Suffering we saw so much of it at Venice that a sense of despair seemed to blanket the scenic island of Lido, off the Venetian shores, where the annual 11-day Festival just ended. John Hillcoat’s “The Road” is an intense study of cheerless human existence. Cormac McCarthy’s Pulitzer Prize clinching novel haunts you with a world destroyed by earthquakes and fires, a world without vegetation or animals and with very few men, and it is this awfully pessimistic scenario that the film version captures through the heart-rending journey of a father and son as they struggle to survive. Chased by cannibals, they are sustained by the love for each other.

A different kind of anguish pushes a white woman in a rebel-infested African region in “White Material”. Claire Denis returns to the continent, more precisely to a coffee plantation owned by a French woman (played brilliantly by French actress Isabelle Huppert). Hounded by gun-toting child soldiers, who spread terror and anarchy, she holds out despite the French authorities urging her to go back home. In a blindly possessive attraction for the land, she becomes the symbol of the region’s decadence. When one of the rebels shouts that the white settlers grow coffee that is of no use to the locals, the starkness of truth hits us. We know that rational judgment is beyond the whites, or they just do not care.

There was more horror on track: Yonfan’s “Prince of Tears” dramatises the 1950s “White Terror” in Taiwan through the eyes of two sisters, who see their beautiful home destroyed in the anti-Communist campaign. Japan’s Shinya Tsukamoto turns his hero into a metallic mass in “Tetsuo the Bullet Man”, after the gruesome death of his three-year-old son in a road accident. In “Survival of the Dead” by George A. Romero, the dead rise to menace the living on a small island off North America.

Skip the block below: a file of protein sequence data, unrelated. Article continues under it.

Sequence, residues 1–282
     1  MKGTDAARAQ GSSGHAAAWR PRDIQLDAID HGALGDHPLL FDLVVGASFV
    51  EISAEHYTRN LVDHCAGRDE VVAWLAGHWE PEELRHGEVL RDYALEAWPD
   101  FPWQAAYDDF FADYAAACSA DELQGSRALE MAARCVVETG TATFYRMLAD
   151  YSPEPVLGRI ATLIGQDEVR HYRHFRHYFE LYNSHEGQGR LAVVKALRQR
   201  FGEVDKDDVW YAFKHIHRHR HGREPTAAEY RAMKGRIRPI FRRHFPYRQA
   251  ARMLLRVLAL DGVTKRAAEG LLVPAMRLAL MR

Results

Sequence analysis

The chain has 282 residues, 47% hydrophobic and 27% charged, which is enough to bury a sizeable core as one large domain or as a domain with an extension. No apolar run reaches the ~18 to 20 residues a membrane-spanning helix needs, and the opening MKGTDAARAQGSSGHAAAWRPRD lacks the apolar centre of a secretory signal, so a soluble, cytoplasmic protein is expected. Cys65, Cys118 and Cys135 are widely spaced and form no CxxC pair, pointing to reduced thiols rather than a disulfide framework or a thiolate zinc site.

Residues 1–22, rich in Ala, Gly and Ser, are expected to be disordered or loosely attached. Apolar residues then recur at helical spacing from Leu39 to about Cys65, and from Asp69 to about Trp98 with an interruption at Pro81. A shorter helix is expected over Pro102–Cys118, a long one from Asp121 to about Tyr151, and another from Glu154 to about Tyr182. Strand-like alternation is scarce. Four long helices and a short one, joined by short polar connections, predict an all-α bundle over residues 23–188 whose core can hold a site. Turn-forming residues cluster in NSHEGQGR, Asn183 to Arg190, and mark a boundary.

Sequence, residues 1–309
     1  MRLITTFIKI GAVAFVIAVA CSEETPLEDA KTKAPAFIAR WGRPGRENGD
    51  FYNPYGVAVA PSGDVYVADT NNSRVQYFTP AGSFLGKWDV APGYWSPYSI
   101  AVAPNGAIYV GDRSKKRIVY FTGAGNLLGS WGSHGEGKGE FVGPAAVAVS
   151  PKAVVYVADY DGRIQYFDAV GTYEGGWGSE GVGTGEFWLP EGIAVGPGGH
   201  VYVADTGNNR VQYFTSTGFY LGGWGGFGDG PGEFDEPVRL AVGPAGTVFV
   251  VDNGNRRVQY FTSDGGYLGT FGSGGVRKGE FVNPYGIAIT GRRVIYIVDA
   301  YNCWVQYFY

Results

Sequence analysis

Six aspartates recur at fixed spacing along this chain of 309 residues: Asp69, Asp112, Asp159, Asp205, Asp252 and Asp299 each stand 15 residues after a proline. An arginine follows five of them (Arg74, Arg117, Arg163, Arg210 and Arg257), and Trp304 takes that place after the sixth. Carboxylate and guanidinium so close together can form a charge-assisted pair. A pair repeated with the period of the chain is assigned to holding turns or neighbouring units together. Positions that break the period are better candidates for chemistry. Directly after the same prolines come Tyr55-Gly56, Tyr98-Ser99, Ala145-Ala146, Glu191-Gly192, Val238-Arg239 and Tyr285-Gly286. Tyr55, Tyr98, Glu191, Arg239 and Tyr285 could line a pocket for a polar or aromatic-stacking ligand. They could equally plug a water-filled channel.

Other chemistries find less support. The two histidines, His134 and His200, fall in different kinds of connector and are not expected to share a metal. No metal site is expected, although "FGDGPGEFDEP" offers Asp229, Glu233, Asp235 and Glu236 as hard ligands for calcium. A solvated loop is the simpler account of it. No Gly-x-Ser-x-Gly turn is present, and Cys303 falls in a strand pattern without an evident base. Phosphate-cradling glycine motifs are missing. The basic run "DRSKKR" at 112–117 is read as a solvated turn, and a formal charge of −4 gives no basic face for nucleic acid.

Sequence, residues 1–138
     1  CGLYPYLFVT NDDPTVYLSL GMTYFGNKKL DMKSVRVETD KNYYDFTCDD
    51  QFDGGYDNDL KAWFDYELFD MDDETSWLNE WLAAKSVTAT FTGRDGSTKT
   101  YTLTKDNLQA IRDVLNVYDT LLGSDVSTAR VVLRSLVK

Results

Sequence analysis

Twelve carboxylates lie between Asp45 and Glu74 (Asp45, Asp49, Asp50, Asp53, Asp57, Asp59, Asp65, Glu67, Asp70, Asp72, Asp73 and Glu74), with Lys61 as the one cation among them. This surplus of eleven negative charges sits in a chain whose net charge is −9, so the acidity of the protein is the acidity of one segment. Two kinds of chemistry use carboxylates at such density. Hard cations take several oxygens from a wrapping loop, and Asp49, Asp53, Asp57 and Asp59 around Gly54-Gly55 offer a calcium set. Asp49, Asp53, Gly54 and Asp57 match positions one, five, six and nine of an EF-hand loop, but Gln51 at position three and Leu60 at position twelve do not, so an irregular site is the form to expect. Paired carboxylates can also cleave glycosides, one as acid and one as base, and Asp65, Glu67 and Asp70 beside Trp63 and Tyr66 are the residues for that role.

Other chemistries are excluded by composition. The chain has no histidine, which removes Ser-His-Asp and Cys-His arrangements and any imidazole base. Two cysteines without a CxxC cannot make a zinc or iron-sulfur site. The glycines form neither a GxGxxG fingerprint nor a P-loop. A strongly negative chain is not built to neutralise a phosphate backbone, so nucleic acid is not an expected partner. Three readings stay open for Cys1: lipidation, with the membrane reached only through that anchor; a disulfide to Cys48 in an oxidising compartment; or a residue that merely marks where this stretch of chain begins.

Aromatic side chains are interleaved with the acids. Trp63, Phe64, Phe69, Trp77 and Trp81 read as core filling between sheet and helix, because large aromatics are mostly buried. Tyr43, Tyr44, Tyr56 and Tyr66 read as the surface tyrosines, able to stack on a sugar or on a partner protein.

India contributed to this march of sorrow: Rakeysh Omprakash Mehra’s “Delhi 6” premiered at Venice with a new tragic climax as opposed to the happy one that we saw some time ago in India. Anurag Kashyap’s “Gulaal” was a run riot of rape and ragging on a Rajasthan college campus liberally peppered with violent student and local politics. However, Kashyap turned his other work at the Festival, “Dev D”, into something pleasing and positive; based on Sarat Chandra Chattopadhyay’s defeatist novel, “Devdas”, Kashyap’s version dramatically changes lanes.

There was a bit more of this silver lining in the international cinema that I saw. But, then, that was a wee bit.



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Gautaman Bhaskaran is a veteran film critic and writer who has covered Cannes and other major international festivals, like Venice, Berlin, Montreal, Melbourne, and Fukuoka over the past two decades. He has been to Cannes alone for 15 years. He has worked in two of India’s leading English newspapers, The Hindu and The Statesman, and is now completing an authorized biography of India’s auteur-director, Adoor Gopalakrishnan. Penguin International will publish the book, whose research was funded by Ford Foundation.